Black Leicester Longwool

Breed Type: Wool Breed
Country of Origin: United Kingdom
Breed Association Website: leicesterlongwool.org

The Leicester Longwool is one of the “luster longwool” breeds, so designated for the sheen and brilliance of their wool. The sheep appear to shine just after shearing, when the clean wool next to their skin catches the sunlight and makes them glisten for a few days before the dust and dirt of their environment catches up to them and the glow is hidden for another year.

The Leicester Longwool breed is also known as the English Leicester (pronounced lester). The breed was developed in England in the mid 1700s by innovative breeder Robert Bakewell, the first to use modern selection techniques to improve livestock breeds. Bakewell transformed a coarse, large boned, slow growing animal into one that grew rapidly for market and produced a higher quality fleece.

News of Bakewell’s ideas reached the colonies before the American Revolution and so intrigued George Washington that he made reference to them in several letters. Washington was particularly interested in Bakewell’s sheep, writing that he made the “choice of good rams from the English Leicester breed” for his own flock. In 1837, the agriculturist Youatt wrote that, “within little more than half a century the New Leicester had spread themselves to every part of the United Kingdom and to Europe and America.”

The Leicester Longwool was highly prized in America, especially for its use in crossbreeding to improve “native” stock. During the 1800s, however, the breed lost favor to the Merino and other fine wool breeds. After 1900, the Leicester Longwool fell into decline and was likely extinct in the United States during the 1930s or 1940s. A very small population remained in Canada. In 1990, Colonial Williamsburg Foundation, a historic site in Virginia, reestablished the breed in North America by importing sheep from Australia. Several conservation flocks have now been established, and the population of Leicester Longwool sheep in North America is increasing. This is important, given that the breed remains rare globally.

Leicester Longwools are medium to large sheep, weighing 180–250 pounds. The fleece is heavy, curly, soft handling, and lustrous with a spiral tipped staple up to eight inches. Fleeces weigh from eleven to fifteen pounds, occasionally up to twenty pounds. Leicesters are eager grazers, making good use of abundant pasture. When mixed flocks of Merinos and Leicesters are driven along road sides in Australia, all of the Merinos have their heads up, watching what is going on, while the Leicesters are busy with their heads down, chomping down the succulent roadside grasses. Leicesters are docile and easy to handle, but they do not care for herding dogs. Herding with dogs is likely to result in the whole flock proceeding to the barn backwards – facing down the dog!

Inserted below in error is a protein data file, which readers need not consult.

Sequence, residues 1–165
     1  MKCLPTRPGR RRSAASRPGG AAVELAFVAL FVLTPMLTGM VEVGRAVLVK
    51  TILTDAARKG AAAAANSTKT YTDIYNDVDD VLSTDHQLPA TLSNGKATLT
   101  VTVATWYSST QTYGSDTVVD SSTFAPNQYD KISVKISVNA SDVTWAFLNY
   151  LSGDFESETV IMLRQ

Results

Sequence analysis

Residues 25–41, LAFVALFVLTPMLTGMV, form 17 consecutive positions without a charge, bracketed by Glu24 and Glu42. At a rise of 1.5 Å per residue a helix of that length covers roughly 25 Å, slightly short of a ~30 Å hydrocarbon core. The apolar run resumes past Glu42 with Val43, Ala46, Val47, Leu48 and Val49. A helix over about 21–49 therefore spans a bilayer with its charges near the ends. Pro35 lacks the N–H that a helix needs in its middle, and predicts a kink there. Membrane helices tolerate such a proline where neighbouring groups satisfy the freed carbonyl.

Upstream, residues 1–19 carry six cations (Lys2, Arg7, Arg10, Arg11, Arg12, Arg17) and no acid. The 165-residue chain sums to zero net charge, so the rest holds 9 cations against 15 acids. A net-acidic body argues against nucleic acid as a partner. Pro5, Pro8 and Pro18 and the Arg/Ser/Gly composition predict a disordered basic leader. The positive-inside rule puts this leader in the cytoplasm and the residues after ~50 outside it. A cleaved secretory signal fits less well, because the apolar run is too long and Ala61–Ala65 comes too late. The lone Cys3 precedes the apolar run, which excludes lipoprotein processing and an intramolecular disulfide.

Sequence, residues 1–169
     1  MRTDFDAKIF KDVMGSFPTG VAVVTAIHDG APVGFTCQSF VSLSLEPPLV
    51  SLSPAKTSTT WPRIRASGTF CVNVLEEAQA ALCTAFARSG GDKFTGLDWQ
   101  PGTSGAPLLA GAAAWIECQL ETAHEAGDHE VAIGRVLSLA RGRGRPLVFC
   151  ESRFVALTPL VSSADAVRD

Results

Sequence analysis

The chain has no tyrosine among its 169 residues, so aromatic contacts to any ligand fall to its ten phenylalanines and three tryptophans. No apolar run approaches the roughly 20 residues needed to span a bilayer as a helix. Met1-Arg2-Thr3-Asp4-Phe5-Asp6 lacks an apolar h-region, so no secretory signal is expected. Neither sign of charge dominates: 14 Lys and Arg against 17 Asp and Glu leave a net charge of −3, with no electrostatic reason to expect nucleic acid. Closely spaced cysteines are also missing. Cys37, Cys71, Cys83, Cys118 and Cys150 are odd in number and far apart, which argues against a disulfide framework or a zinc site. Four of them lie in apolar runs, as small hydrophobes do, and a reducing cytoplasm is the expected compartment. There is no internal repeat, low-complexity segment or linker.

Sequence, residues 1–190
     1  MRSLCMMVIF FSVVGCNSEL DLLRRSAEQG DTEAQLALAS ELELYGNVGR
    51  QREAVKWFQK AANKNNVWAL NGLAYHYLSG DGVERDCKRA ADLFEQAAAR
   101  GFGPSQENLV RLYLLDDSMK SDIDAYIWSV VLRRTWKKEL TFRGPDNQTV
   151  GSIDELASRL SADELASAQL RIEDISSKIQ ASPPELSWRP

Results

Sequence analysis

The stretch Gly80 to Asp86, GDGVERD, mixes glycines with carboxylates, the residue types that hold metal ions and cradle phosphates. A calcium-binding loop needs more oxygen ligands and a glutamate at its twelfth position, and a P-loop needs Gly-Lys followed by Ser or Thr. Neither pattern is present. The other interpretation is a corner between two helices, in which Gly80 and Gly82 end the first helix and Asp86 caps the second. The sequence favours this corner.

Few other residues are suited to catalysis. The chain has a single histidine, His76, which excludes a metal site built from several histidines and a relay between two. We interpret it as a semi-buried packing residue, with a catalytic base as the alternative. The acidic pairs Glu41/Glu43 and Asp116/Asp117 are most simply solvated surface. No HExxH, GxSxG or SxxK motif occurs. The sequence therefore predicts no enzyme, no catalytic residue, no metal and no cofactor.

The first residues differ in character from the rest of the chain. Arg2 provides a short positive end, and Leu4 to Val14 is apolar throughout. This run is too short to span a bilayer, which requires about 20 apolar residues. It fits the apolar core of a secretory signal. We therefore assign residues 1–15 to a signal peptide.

The Leicester Longwool has been of great historic and genetic value, having a part in the founding or improving of many other breeds, including the Border Leicester and the Corriedale. While distinguished by its past, this breed’s future is far from secure, and it is a conservation priority.

In 2002, the first natural color Leicester Longwools were born in the USA at Hopping Acres. We imported semen from a well known natural color breeder in New Zealand, Mrs. Elspeth Wilkinson. Since the first born , other natural color semen has been imported from New Zealand and Australia.


This breed presented by

Hopping Acres Leicester Longwools
Kelly Miller
3458 Sugar Valley Rd
Bruceton Mills, WV 26525
(304) 379-2212

hoppingacres.com

2022 Catalog Cover Artist

Susan Due Pearcy has lived in the Agricultural Reserve in Barnesville, Maryland for 27 years and enjoys having sheep grazing next door and fibre artist friends nearby. She is continually inspired in her art and life by the natural beauty of her surroundings and works plein air in oil and pastel and creates her printmaking in Sugarloaf Studio behind her home...

Schedule of Events

Search schedule by:

Event Type

Day

Don't forget - The deadline to submit teaching proposals for the 2023 Festival is July 15.The Fiber Arts Seminar Committee invites instructors from every heritage, culture, belief system, and lifestyle to submit a teaching proposal. If you are interested in offering a seminar, class, or lecture at the 2023 Festival, please use the Online Proposal Form at sheepandwool.wufoo.com/forms/request-for-proposals-2023-fiber-arts-seminars/.#MDsheepwoolfest #mdsheepandwool #mdsheepandwoolfestival #mdsw2023 #fiberartseminars ... See MoreSee Less
View on Facebook
Reminder - The deadline to submit teaching proposals for the 2023 Festival is July 15.The Fiber Arts Seminar Committee invites instructors from every heritage, culture, belief system, and lifestyle to submit a teaching proposal. If you are interested in offering a seminar, class, or lecture at the 2023 Festival, please use the Online Proposal Form at sheepandwool.wufoo.com/forms/request-for-proposals-2023-fiber-arts-seminars/.#MDsheepwoolfest #mdsheepandwool #mdsheepandwoolfestival #mdsw2023 #fiberartseminars ... See MoreSee Less
View on Facebook
It's only been a little over a month since the 2022 festival, but we are already making plans for our 50th anniversary festival in 2023. If you are interested in applying for a vendor booth at the 2023 festival, we are now accepting new vendor applications online at sheepandwool.wufoo.com/forms/2023-application-for-booth-space-new-vendor/. The deadline for applications is October 1. Photo Credit @philgrout #MDsheepwoolfest #mdsheepandwool #mdsheepandwoolfestival #50th #mdsw2023 ... See MoreSee Less
View on Facebook
https://youtube.com/playlist?list=PLpFtt0J2tmsmUmt3Jzr5t3uz6wg3H4DV_